FARMINGTON — Refinancing $15.7 million in bond debt issued in 2005 to expand the Davis County Jail could save the county $800,000 over the life of the bonds.
The bond debt, originally $24.8 million, was taken out in 2005 to fund additions to the county jail in west Farmington, Davis County Clerk/Auditor Steve Rawlings said.
There is currently $19.8 million remaining on the original debt, with $15.7 million eligible for refinance to gain the county a better interest rate, Rawlings said.
Rawlings, along with County Commissioner Bret Millburn and a Zions Finance representative, recently took a one-day trip to San Francisco to meet with representatives from Moody’s and Standard and Poor’s to see what rating the county could receive if it chose to refinance some of the bond debt.
“I think it is very good news,” he said.
Rawlings said the county is trying to take advantage of its AAA bond rating where interest rates have gone the right direction.
“It’s like refinancing a home mortgage. It’s saving the taxpayers interest,” Millburn said.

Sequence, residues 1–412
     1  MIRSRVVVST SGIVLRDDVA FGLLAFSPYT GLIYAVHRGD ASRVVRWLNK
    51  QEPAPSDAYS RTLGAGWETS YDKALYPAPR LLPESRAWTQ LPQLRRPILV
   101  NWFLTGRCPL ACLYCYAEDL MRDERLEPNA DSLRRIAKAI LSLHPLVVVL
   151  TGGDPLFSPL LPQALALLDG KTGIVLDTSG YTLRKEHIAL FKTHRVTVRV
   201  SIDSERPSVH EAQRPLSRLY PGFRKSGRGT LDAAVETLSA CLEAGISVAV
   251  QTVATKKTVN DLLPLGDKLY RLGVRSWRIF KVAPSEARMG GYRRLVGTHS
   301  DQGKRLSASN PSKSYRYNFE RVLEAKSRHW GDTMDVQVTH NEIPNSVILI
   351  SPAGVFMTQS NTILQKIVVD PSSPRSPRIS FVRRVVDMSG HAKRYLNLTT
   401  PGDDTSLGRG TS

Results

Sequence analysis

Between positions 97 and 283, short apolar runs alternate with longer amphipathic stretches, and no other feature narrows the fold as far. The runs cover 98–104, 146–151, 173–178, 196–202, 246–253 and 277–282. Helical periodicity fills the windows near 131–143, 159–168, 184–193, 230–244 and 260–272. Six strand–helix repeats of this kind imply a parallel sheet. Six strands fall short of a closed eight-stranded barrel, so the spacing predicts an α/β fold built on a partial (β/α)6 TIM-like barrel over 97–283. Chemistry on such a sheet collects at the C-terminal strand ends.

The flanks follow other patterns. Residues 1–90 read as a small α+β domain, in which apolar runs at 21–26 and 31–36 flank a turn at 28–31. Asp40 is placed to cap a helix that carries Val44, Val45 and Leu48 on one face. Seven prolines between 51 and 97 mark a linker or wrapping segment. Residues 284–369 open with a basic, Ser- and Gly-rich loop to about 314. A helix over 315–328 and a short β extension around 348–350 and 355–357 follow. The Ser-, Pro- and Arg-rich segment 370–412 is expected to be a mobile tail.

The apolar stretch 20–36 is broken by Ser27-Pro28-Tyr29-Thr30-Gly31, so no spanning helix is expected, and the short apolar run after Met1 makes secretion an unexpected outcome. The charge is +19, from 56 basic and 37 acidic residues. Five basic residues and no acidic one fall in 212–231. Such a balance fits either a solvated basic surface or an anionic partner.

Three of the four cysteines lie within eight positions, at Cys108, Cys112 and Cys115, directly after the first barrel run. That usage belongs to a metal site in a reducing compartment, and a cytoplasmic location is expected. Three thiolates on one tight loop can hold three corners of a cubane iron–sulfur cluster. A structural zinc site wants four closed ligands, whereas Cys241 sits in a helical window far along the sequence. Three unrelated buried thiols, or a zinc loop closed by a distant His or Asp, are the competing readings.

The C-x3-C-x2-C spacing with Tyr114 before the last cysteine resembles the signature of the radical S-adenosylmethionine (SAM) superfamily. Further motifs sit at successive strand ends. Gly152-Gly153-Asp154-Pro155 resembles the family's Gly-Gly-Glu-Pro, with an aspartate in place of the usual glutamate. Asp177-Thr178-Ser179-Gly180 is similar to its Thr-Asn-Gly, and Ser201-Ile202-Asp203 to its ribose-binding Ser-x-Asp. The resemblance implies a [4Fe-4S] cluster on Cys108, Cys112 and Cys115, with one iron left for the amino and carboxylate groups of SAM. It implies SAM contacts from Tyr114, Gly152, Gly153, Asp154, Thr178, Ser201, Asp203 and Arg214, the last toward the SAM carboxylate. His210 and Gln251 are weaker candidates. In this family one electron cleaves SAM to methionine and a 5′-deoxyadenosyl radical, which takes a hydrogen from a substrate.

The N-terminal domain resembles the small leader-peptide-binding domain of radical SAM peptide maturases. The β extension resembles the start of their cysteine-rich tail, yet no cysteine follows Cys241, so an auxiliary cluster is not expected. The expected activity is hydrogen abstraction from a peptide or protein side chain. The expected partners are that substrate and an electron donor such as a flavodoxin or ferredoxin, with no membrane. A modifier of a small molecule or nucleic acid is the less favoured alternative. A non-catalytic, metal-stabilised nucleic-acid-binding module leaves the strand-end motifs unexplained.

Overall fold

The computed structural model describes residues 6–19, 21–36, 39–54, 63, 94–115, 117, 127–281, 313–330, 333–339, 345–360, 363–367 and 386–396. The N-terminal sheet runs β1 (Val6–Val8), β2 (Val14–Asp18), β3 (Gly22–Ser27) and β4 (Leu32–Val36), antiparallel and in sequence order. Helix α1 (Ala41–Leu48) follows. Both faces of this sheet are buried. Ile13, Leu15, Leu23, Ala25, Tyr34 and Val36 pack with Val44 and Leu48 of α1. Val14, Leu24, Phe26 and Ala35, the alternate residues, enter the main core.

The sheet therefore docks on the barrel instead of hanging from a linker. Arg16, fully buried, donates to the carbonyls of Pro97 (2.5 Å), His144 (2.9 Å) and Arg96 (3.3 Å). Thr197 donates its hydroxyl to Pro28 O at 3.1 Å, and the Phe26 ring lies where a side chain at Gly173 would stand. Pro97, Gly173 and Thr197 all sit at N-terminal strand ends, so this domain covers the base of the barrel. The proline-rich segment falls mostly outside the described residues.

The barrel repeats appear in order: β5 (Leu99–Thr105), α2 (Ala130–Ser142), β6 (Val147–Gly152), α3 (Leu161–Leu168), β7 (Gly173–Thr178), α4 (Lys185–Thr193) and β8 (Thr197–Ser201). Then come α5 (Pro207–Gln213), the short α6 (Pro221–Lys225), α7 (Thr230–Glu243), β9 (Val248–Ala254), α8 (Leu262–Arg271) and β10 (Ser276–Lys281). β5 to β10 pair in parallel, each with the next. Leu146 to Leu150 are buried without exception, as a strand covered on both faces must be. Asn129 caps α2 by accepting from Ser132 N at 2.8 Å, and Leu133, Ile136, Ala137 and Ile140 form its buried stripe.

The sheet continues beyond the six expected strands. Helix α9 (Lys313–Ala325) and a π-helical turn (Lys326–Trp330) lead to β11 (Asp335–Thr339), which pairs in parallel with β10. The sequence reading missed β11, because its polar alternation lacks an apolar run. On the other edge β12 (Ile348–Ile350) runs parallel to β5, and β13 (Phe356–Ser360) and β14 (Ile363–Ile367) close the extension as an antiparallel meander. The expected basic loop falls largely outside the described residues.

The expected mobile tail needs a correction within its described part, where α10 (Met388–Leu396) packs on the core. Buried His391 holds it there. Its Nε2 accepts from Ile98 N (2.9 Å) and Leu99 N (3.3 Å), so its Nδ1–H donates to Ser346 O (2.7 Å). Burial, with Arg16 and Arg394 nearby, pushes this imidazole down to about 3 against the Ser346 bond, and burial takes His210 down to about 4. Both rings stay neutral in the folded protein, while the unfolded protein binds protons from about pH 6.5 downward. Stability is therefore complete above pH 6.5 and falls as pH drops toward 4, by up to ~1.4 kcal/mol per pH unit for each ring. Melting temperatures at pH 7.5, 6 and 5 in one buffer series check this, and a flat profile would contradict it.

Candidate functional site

Millburn estimated the county will save $800,000 over the 20-year life of the bonds.
The refinance in essence drops the interest rate the county is paying on the bonds from about 4.2 percent to 2.2 percent, he said.
“The savings would go back to the taxpayer through a lower tax rate," Rawlings said.
Right now, rates would allow the county to save 5.2 percent on the bond payment, Rawlings said.
“If you can save 3 percent or more on the bond payment, then it is worth looking at,” he said.
“We are always looking at those things.”
Rawlings said this is the second or third time since he took office in 1999 that the county has refinanced bond debt. Davis County currently has $68 per capita in bond debt.
By the end of April, officials expect the county’s refinanced bonds will be sold.